The Amazon Description / Synopsis of this film is so prosaically literal that it gives no hint to the extraordinary experience of actually watching this powerful film.
This is another great package from Second Run. While the inconsistency of exposure is clearly inherent in the original, the print itself shows signs of damage throughout. Also, there seems to be some overly video enhanced quality to a couple of shots in the first ten minutes, where the film image hasn't transferred too well, but these small things don't impair the overall experience.
This film simply doesn't offer the narrative or historical certainties suggested by the description, and it's so much more powerful for that. The film is greater than the matter of fact description would imply. This is because the narrative is pared down to the absolute minimum, like a diamond which must be cut down so as to reveal and optimise its quality.
Having read that Nemec greatly admired Bresson it's easy to make sense of the minimal, crystalline sound track [there's none of your non-diegetic mood enhancing music here] but the powerful restless, technically loose B & W cinematography clearly takes inspiration from elsewhere.
There's no concrete reason to suppose that the two boys are Jewish or that the old men are part of a pro-Nazis home guard, but there's every reason to fear them, whoever they are. In fact there's only two shots in the whole film that might place the action in any specific historical context. It's only knowledge of the source material [which is discussed in the excellent booklet] that furnishes us with these precise particulars and which Nemec seems to deliberately avoid, thus transcending the specific, he creates an ageless vision of the inhumanity of man.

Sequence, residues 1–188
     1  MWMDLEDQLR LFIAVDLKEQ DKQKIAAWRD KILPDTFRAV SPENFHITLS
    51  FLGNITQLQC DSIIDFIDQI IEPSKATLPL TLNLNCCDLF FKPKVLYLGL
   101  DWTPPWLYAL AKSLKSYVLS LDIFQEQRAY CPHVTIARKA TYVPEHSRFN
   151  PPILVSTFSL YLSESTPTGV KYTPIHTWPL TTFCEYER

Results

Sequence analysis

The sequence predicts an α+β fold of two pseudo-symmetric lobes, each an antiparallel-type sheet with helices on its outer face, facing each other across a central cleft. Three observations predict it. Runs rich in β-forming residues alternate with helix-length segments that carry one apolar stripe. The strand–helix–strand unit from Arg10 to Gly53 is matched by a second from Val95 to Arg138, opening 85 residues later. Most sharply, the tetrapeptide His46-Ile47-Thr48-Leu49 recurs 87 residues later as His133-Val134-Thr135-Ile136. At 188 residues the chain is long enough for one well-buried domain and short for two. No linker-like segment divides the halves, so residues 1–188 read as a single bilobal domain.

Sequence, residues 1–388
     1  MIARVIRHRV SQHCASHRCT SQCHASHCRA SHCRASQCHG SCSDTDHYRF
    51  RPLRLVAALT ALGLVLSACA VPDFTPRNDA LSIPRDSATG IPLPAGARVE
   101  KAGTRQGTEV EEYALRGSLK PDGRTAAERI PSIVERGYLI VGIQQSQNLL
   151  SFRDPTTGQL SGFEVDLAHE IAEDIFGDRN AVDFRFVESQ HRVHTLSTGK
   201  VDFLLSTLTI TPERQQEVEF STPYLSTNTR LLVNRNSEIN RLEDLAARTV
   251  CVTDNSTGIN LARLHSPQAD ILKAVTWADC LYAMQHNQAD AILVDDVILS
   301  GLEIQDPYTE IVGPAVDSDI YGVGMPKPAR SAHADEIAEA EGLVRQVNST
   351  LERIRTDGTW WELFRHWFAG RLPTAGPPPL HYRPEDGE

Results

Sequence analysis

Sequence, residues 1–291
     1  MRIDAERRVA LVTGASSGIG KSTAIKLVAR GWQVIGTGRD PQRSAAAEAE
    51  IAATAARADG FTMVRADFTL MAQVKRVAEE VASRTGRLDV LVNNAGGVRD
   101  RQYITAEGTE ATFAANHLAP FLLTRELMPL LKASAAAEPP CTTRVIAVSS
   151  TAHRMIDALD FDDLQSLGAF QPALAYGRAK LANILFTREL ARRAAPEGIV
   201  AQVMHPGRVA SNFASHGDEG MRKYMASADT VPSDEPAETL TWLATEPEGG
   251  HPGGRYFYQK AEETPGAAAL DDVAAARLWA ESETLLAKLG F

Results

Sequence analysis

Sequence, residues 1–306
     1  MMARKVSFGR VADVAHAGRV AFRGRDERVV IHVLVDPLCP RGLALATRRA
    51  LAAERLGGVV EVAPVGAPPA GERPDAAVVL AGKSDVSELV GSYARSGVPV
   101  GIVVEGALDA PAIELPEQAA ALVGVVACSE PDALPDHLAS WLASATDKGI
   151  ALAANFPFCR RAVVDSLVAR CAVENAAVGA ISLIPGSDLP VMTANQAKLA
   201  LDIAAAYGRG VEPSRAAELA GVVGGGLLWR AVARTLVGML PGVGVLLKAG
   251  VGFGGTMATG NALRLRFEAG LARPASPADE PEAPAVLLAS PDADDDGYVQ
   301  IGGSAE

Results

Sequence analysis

The opening shock of the relentless, breathless escape from the train, up through the woods, gives way to the first truly astonishing sequence. At a farm the wife gives the boys some bread, but as so often in this film, can we be sure of what we see? Are we presented with alternative outcomes or psychotic occurrences? The potency of these images affect our response to the rest of the film.
As with the group of men who descend upon and surround the picnickers in Nemec's The Party & The Guests, it's the appearance of the group of armed old men that brings a chill of disquiet, increased menace and final horror to the action.
The final sequence of the film parallels that of the farmer's wife sequence, in as much as it presents shots that appear to contradict one another. As the exhausted boys disappear, back into the woods, it's not at all clear what this apparent freedom means.
If you haven't already guessed I recommend this film.